New Orleans attorney Nia Weeks remembers the concerned comments she received from older Black women when she decided to grow locs three years ago.
“You can’t go into a court with locs. No one’s gonna hire you,” they told her.
At its last meeting in 2020, New Orleans City Council made a move to address those worries when it passed the C.R.O.W.N. Act Ordinance, which prohibits race-based hair discrimination, including the denial of employment and housing because of hair texture or protective hairstyles like braids, dreadlocks and bantu knots.
C.R.O.W.N. is an acronym for Creating a Respectful and Open World for Natural Hair. The C.R.O.W.N. Study, by cosmetic company Dove, revealed Black women are 80 percent more likely to change their hair to fit social norms and workplace expectations. Those changes often include straightening their hair with extreme heat or harsh chemical relaxers.
While Birmingham passed a resolution to recognize July 3 as National C.R.O.W.N. Day last summer, New Orleans was the first municipality in the Deep South to adopt a C.R.O.W.N. Act.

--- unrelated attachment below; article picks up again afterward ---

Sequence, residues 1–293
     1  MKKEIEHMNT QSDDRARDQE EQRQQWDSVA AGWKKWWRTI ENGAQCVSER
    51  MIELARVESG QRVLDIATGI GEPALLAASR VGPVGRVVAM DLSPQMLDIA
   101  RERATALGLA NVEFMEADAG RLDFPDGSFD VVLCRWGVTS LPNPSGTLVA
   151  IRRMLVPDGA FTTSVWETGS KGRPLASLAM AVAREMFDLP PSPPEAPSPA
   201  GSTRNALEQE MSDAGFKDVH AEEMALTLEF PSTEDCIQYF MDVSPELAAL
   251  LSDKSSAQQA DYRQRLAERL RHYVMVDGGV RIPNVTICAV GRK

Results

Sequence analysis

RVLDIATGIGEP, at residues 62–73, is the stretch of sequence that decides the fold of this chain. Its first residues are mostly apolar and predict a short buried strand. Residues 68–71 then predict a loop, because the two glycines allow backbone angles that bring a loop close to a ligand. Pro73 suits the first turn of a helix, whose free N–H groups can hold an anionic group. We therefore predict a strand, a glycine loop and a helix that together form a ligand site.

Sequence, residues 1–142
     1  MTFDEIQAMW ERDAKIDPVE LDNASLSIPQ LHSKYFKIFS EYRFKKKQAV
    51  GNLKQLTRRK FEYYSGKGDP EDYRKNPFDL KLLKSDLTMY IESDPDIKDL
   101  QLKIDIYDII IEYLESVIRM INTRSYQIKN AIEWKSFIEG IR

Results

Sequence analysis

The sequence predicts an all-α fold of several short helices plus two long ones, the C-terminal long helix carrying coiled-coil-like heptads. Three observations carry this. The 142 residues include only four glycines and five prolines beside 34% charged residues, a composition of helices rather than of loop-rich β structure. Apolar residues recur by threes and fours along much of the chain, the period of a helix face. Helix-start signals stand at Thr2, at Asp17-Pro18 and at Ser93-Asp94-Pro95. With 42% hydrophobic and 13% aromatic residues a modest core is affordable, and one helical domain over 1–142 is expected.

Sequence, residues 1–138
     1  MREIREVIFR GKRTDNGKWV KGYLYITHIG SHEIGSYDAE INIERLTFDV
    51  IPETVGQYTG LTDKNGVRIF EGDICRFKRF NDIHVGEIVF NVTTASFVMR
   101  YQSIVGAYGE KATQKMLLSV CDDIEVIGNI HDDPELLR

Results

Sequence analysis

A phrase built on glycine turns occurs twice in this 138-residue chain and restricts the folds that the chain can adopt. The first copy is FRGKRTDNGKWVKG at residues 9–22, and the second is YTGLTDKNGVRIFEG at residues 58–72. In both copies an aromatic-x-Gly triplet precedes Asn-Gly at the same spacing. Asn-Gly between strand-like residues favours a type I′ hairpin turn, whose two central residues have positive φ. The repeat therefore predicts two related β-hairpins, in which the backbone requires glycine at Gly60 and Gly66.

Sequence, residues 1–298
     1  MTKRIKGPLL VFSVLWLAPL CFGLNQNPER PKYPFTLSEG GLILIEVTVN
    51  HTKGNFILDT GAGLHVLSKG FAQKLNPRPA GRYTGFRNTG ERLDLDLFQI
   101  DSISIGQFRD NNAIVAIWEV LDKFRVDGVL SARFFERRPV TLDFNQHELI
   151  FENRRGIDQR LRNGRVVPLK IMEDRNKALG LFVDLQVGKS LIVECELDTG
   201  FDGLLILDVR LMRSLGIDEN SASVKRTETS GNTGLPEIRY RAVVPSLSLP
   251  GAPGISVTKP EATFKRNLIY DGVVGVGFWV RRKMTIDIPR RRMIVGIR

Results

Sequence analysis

“It was the best Christmas present that I could have even thought of giving to Black women. It was a love letter and a thank you in action,” Weeks said. “Black women are not a monolith, but our hair and the experiences, the prejudice that we experience, is a unified issue, regardless of age, demographics, geography [and] socioeconomic status.”
At about 38 and 32 percent respectively, the Black populations in Mississippi and Louisiana make up a larger proportion of the population than in any other state. Still, race-based hair discrimination persists in these states, creating barriers to employment and education and to freedoms that others take for granted.
Read the full story from our partners at WWNO here.